for the old enclosure style you will need: 

1 x 1mm aluminium face plate
1 x 1mm aluminium back plate
6 x aluminium 3/8" stand offs
6 x short 1/4" screws
6 x long 1/2" screws
1 x 4mm button pad spacer
4 x silicone bumpers

take the back plate and pass the short screws through the holes, take the stand offs and screw them on the other side of the board. now take the silicon bumpers and stick them on the edges of the back side.

take the pcb and place it on the stand offs, make sure the screw holes are correctly aligned as shown below. don't forget to also place the rubber pad and the foam board spacer.

then take the top plate and place it over the board. take one of the longer screws, make sure it passes through the top plate, the pcb and goes into the stand off, secure that in. now take a second long screw and do the same at the opposite end of the board to keep the plates from moving around. repeat for the rest of the screws and finally you can put the knobs on the potentiometers and encoders.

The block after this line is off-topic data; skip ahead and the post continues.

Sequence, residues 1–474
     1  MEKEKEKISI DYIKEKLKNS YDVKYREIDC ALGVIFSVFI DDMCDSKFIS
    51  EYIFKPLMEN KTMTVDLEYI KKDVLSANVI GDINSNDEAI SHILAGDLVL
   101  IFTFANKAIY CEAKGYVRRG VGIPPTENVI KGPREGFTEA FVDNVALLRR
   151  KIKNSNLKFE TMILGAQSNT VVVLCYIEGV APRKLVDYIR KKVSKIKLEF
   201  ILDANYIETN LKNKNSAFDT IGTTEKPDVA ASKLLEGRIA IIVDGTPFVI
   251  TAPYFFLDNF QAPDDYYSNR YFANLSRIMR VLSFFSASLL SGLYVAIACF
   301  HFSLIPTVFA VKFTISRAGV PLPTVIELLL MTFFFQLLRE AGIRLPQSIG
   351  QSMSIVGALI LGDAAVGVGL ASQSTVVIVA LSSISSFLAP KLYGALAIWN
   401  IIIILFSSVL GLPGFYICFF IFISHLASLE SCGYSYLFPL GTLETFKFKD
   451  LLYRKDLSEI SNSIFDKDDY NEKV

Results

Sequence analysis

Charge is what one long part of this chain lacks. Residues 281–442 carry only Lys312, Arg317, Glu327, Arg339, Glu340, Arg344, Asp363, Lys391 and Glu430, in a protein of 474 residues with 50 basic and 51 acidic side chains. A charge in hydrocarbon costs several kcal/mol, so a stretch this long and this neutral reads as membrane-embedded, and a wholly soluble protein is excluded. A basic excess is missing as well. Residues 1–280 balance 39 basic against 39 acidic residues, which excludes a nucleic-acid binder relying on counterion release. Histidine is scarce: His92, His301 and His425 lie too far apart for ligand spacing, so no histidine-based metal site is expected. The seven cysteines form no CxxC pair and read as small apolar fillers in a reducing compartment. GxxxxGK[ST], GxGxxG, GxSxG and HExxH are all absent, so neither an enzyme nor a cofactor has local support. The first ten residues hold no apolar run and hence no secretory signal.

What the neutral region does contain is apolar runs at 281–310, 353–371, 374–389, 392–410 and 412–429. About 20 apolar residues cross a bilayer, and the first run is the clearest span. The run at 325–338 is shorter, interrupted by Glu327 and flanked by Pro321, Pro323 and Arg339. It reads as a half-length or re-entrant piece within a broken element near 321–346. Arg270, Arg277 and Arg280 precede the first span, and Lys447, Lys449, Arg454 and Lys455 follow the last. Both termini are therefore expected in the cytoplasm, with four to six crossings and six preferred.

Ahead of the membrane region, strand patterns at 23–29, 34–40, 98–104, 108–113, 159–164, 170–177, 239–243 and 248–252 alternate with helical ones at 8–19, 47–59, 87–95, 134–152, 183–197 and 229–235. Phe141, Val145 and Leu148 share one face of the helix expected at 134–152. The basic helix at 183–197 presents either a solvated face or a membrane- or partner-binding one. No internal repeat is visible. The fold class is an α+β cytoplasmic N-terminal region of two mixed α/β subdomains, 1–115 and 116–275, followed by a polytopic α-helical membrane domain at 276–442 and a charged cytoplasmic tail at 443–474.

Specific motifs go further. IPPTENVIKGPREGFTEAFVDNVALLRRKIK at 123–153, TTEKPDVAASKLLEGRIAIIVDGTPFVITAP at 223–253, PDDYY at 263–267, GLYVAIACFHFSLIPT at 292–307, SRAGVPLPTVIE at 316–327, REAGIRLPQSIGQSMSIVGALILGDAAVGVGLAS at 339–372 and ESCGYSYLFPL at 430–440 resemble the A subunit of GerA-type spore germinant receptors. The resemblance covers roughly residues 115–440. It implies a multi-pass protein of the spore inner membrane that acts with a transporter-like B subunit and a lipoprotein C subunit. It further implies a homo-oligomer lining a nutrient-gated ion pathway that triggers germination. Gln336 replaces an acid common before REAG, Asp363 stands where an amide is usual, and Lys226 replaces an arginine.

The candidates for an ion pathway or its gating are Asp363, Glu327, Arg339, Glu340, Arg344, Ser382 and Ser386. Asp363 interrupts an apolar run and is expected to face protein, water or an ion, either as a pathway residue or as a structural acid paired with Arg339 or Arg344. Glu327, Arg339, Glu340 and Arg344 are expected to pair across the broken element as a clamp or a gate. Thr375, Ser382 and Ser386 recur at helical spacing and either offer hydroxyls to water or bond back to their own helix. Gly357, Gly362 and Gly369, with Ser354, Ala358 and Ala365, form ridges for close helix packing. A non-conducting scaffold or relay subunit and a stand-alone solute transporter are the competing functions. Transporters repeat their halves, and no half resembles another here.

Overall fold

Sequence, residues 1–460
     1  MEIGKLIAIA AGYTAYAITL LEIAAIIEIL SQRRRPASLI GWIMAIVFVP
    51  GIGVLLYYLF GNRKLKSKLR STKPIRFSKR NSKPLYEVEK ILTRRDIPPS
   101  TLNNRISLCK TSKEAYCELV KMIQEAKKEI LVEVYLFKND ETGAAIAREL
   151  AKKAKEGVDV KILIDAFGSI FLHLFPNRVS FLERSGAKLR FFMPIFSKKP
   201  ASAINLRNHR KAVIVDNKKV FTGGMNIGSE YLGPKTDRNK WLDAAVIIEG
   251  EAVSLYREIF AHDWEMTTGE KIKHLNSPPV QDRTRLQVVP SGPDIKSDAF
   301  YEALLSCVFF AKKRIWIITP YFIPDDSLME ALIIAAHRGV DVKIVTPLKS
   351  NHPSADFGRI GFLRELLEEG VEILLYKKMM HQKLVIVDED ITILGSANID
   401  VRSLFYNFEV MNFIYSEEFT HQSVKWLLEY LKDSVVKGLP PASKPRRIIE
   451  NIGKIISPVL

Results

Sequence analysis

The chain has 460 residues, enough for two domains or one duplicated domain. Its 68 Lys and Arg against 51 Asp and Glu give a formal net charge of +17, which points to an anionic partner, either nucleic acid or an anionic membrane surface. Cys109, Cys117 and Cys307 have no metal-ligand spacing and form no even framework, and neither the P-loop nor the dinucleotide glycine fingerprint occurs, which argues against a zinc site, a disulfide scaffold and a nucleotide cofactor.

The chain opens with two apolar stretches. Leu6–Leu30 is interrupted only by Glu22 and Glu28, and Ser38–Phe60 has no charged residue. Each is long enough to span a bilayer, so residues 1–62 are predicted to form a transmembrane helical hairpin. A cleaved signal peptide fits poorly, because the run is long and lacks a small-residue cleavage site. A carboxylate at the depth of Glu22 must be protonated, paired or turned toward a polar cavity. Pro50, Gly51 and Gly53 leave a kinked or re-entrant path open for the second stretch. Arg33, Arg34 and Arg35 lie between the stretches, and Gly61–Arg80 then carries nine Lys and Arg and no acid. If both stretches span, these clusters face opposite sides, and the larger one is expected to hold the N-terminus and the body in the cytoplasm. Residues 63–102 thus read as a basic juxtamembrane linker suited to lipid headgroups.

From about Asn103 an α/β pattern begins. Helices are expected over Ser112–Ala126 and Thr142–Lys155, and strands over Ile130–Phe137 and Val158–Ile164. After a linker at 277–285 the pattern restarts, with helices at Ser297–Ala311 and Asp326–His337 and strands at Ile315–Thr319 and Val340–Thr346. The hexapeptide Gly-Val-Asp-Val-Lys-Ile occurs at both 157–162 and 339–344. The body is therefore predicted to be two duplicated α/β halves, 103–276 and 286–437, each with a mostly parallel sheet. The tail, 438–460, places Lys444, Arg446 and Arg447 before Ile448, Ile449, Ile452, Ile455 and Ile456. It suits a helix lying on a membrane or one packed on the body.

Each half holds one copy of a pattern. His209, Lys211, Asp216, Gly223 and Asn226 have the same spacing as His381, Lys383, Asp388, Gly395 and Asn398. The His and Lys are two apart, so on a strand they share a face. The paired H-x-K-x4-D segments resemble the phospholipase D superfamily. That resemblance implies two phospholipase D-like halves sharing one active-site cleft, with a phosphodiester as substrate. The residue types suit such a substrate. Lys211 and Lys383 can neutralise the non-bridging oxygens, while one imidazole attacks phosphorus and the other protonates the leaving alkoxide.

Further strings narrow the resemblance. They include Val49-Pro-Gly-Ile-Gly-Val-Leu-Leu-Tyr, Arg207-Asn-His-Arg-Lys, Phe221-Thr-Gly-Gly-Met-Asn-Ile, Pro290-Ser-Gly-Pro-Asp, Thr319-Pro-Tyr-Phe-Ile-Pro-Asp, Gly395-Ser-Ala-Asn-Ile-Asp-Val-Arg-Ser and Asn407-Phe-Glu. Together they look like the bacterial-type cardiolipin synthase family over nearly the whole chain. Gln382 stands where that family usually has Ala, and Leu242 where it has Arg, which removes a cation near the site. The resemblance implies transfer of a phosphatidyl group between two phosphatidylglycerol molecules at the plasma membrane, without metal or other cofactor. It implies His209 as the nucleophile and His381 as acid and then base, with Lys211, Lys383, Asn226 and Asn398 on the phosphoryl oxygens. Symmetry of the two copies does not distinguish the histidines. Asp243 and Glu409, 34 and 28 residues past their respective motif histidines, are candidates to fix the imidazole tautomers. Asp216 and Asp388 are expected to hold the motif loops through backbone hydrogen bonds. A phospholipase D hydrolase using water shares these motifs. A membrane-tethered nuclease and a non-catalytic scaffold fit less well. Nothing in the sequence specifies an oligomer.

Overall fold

for the new enclosure style you will need:

1 x 5.5mm back panel
2 x 5.5mm side panels
1 x 1mm bent steel top panel
4 x long 3/4" screws
4 x aluminium 3/8" stand offs
4 x short 1/4" screws
6 x long 1/2" screws
20 x bolt nuts
1 x 4mm button pad spacer
4 x silicone bumpers

take the varnished wooden laser cut base panel with glued sides, and place a 1/2" screw through four left most holes, and secure them with a bolt on the other side, repeat the same with the two right most holes. take the 4 very long screws and place them in the remaining 4 holes and secure them with a bolt. take a second bolt and add it to the outer most screws, then add the stand offs on them.

after that take the pcb and place it on the 6 screws. place the button pad and the button pad spacer on top of it. secure the pcb in place with bolts. finally take the steel panel and cover the case, secure it in place with the 4 small screws. flip over, stick the silicone bumpers and add the knobs.

congratulations! this is the moment we've been waiting for, you now have built your digital warrior! :)

wood and steel enclosure
elegant minimal design